What Lords Reform has done to the coalition's poll numbers

Two-thirds no longer think of Tories and Lib Dems as a "united team".

Earlier this month. Conservative MPs forced the government to drop a motion which would have limited debate on the House of Lords Reform Bill to 10 days. In so doing, they inflicted a severe blow to the Liberal Democrats’ aspiration of reforming the second chamber. Without a timetable, the Bill could be "talked out" by challengers. The Prime Minister has said he will have "one more try" to secure a limit in September but if unsuccessful, it leaves the prospects for Lords reform on shaky ground.

Is this parliamentary wrangling in tune with the public mood, however? Liberal Democrats would argue that, since it was in all three parties’ manifestos, there is to some extent a public mandate for Lords reform. And yes, IPSOS/Mori's most recent poll on the issues does show that around eight in ten (79%) Britons support the idea of reforming the House of Lords at some point. Support for reform is highest among Liberal Democrats at 87% - unsurprisingly - and lowest among their Coalition partners, Conservative supporters, at 75%. Only around one in six people (16%) say they do not support reforming the House of Lords at all, but even among Conservative voters, this only rises to 21%.

Furthermore, previous studies have shown the public has often thought there could be a better alternative to the current system.  In October 1998, polling showed only 20% thought that the House of Lords should remain exactly as it is. Around 60% preferred some sort of change to its constitution, from removal of all hereditary peers – something the Blair Government did act on to some extent - to replacing the House of Lords with a new second chamber entirely elected by the public.  Although even then, 61% said things should be left as they are until the full detailed package of reforms had been worked out.

Desire for Lords reform fits with broader trends of favouring changes to the way UK politics is conducted. In the wake of the expenses scandal, Ipsos MORI polling showed three in four (75%) believed that the present system of governing Britain needs a lot of improvement with only a quarter (24%) feeling it mainly worked well. In December 2010, just a quarter – 27% - said they were satisfied with the way Parliament works.  Moreover, our Veracity Index has shown trust in parliamentarians on a downward trend since 2008. Clearly, a case can be made for reform of Parliament, including of the House of Lords.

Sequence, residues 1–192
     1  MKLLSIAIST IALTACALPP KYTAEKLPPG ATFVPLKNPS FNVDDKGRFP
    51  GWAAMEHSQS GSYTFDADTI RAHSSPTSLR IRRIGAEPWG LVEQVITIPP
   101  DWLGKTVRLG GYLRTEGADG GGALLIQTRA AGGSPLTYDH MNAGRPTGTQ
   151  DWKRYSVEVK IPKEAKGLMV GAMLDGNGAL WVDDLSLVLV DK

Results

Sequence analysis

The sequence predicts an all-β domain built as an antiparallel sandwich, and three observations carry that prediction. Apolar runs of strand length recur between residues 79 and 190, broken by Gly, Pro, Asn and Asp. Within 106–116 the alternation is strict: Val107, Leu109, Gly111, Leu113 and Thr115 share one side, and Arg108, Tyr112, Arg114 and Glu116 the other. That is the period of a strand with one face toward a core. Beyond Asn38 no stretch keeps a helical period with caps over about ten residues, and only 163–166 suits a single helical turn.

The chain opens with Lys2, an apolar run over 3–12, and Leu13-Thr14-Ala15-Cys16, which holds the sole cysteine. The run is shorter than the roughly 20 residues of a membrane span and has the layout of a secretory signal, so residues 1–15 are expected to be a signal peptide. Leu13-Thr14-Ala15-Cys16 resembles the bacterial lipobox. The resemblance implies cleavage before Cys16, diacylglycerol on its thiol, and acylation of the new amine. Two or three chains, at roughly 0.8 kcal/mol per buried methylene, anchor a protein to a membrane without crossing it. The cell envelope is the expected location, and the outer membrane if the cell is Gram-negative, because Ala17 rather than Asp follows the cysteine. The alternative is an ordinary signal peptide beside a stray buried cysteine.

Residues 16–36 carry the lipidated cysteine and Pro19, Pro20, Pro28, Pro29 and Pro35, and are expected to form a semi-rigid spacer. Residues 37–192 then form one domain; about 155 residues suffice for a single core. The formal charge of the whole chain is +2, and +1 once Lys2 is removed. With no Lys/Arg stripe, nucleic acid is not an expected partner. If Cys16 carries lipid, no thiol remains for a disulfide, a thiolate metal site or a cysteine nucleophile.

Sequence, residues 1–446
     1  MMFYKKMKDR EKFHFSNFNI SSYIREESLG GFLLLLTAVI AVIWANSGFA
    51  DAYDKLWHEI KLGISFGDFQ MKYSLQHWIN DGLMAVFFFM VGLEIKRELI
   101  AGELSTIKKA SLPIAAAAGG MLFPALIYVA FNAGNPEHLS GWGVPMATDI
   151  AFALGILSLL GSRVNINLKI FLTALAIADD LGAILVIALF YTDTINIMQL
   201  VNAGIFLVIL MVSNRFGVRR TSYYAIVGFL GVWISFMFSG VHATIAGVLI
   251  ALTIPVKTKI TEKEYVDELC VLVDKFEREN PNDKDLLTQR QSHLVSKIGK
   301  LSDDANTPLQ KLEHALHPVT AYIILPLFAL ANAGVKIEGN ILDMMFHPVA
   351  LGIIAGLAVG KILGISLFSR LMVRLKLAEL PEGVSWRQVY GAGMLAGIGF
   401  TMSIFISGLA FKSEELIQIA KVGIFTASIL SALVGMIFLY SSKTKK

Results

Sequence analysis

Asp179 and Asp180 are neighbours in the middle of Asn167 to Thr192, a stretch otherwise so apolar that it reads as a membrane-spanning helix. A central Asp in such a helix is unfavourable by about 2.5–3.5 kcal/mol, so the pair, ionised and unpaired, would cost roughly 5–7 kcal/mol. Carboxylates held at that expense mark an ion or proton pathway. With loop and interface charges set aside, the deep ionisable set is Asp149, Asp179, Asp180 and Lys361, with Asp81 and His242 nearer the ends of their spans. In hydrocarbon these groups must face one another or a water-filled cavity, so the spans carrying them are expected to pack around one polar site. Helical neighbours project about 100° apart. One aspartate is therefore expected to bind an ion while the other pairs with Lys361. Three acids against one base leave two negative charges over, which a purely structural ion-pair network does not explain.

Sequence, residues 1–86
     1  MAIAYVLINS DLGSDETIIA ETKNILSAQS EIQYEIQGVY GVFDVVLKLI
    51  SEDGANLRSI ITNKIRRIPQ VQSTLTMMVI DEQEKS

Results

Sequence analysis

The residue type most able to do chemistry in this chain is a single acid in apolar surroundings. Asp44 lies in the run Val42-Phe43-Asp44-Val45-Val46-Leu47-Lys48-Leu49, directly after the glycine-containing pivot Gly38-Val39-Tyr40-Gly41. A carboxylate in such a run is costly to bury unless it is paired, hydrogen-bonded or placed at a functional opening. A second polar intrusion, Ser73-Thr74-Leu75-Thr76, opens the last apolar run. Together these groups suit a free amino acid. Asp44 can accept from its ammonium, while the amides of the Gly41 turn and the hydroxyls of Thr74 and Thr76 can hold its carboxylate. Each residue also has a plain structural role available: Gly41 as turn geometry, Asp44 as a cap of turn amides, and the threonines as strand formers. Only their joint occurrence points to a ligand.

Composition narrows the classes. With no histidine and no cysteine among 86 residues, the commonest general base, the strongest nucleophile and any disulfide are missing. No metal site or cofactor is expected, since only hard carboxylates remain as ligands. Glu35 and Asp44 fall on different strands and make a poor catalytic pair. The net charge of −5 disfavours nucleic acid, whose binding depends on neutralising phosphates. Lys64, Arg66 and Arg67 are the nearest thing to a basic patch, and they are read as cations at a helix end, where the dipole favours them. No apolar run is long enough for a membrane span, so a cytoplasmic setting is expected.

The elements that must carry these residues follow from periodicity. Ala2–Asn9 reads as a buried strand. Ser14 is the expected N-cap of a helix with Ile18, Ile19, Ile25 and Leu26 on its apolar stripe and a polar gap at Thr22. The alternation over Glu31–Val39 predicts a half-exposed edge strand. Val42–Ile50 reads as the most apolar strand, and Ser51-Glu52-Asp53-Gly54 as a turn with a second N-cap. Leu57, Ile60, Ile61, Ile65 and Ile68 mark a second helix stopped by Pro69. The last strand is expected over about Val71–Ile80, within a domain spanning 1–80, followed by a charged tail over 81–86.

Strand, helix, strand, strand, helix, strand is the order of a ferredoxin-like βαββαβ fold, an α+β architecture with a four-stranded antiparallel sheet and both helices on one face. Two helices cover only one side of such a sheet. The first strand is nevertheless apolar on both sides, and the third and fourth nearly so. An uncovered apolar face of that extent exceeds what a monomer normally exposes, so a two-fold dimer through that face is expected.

Conservative MPs, however, are also in tune with the public when they say that Lords reform is not a priority for the country in this era of public spending constraints and poor economic growth. Very few think it is a priority according to our new poll (even Liberal Democrat voters). Just 7% of the public overall believe it should be a priority, with 72% saying there are other more important things on which the government should concentrate. What is notable is the steady majority across all age groups and classes who think there are more important things on the government’s plate, and most voters of all parties say even though they support reform it is not an immediate priority – 74% of Liberal Democrats, 74% of Labour voters and 70% of Conservatives.

The June Ipsos MORI Issues Index shows the dominance of the economy over all other issues since 2008, with three-fifths (58%) who mention it as amongst the most important issues facing Britain, and unemployment a clear second. By contrast, constitutional issues are consistently amongst one of the lowest scoring on the index. We would expect these trends to continue, despite the column inches given to Lords reform in recent weeks.

On top of this, there is a prevailing view that the government is dealing with the economic crisis poorly. Only three in ten (28%) say the Coalition is dealing with the economic crisis effectively. This is half of the 59% that had high hopes of the Coalition to deal with the crisis back in May 2010.

Supporters of reform might argue of course, that a government and parliament should be able to tackle more than one issue at any one time and this seems a valid point. The problem with Lords reform is that the public is seeing it through a filter whereby the focus is on the dynamics of the coalition rather than the constitutional issues at stake – not, of course, for the first time.